Is a tiny fourth-century Coptic papyrus, hinting that Jesus had a wife, a legitimate, authentic document? Karen King, a Harvard professor and an expert in the history of Christianity, believes it is authentic. I wish I could have attended a six-day conference in Rome, where Karen King presented a paper on her revelatory findings on the papyrus! Impacting, startling news was made by Professor King at Rome’s La Sapienza University on Tuesday, and yet the Vatican media machine didn’t even bother to mention it!
Well, this may not be a conspiracy, such as we might see in Dan Brown’s smash hit, the Da Vinci Code, but it is a suspicious downplay of substantive news by the Vatican. Not being open about what’s happening behind the scenes, is a long running tradition of the powers that be in the church, and is a primary theme of Dan Brown, that holds water (and may account, in part, for the tremendous popularity of his books).
Let me just say, however, that plenty other great news organizations jumped on this story, which might explain why the news that Jesus was possibly married is spreading like wildfire in cyberspace. While I’m not able to get a gander at the actual business card size papyrus for myself, I have examined valuable documents produced by the likes of the BBC, New York Daily News (AP), The New York Times, and the Chicago Tribune. I learned a lot and am thankful for these news services, which allow the availability of valuable information (even if it is controversial).
I’ll need to tell you, my training is in history and I see the value of what Karen King is up to in the analysis of this Coptic fragment, which dates around 300 years after Jesus lived. That’s quite a long time after these events (that changed the world forever), but that doesn’t diminish the accuracy of the phrase contained within the papyrus: “Jesus said to them, my wife,” – which is furthermore incomplete. (Ambiguities galore, as always in matters of theology).
I will nonetheless say, the actual phrase itself was probably written in the second century, since it is a copy of an original Greek document of sorts. It would be nice if we could get a little more on its mysterious provenance. Okay, so we do hear it came from Egypt and can be lumped in with other Coptic scripts or maybe gospels, which were discovered in 1945, I believe.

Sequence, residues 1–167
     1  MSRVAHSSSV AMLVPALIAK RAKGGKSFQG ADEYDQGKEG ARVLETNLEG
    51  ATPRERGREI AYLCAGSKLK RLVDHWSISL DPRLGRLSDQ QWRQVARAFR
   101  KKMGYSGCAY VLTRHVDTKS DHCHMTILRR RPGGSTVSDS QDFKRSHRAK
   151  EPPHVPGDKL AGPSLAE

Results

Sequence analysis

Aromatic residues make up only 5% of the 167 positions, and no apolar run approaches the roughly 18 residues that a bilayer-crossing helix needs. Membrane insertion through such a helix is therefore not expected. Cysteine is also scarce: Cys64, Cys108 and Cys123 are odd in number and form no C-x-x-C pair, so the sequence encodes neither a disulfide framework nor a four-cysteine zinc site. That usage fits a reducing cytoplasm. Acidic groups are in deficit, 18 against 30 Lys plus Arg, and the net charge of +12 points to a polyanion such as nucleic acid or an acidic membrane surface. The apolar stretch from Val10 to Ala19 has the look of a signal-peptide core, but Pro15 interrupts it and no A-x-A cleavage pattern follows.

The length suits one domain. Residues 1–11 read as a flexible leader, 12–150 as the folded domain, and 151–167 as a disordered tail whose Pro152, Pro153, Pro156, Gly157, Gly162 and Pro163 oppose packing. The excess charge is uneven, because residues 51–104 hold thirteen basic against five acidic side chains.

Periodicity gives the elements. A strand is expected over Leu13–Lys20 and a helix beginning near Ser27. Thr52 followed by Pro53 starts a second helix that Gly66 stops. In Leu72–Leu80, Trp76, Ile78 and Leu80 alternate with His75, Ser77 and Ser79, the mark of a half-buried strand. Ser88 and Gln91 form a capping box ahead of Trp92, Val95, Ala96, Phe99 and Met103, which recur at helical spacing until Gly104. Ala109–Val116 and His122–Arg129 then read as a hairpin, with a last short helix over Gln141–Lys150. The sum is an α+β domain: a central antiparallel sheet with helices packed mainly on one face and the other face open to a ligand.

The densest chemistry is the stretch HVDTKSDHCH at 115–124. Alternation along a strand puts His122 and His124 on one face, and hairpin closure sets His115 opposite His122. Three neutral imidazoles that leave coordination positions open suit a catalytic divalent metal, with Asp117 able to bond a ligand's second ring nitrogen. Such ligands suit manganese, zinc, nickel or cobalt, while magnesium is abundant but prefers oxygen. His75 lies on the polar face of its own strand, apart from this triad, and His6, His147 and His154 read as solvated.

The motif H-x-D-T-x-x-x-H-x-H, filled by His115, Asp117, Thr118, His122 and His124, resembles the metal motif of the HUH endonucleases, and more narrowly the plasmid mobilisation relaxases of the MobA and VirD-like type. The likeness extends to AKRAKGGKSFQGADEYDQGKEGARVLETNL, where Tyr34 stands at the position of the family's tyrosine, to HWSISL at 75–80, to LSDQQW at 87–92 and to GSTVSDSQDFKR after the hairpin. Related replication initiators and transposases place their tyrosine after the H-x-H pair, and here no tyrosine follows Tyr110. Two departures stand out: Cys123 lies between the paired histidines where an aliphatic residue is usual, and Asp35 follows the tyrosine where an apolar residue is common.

This is a good lead (I might add); what with the whole issue of what the Gnostic traditions were up to, appearing as an alternative to the Roman traditions in so many ways. The Nicean Creed altered an opened-minded forum of Church beliefs, that left things more rigorous and narrow-minded for the future history of Christianity (most will agree with this opinion).
But which traditions are the real thing, and which traditions are merely fairy tales of what Christianity would become or what it should be? For me, the most important issue is who told the history correctly? If the Coptic scripts were buried away for thousands of years, untouched as it were, might they not be more pure? They weren’t massaged by any early Church Fathers, and thus there’s likely, less contamination. This is a reasonable hypothesis on my part, I’ll surmise.
I was fascinated by the Rev. James Martin’s (a Jesuit priest) piece that appeared in The New York Times yesterday (Mr. and Mrs. Jesus Christ?) The Gospels of Matthew, Mark, Luke, and John were written fairly close to the time of Jesus’ crucifixion, which is traditionally given as 33 AD, during the reign of Tiberius. My only problem is, were the Gospels written with historical accuracy in mind, or were they modeled after the Books of the Old Testament, where some legend spinning or spiritual metaphor is allowable? This is not history!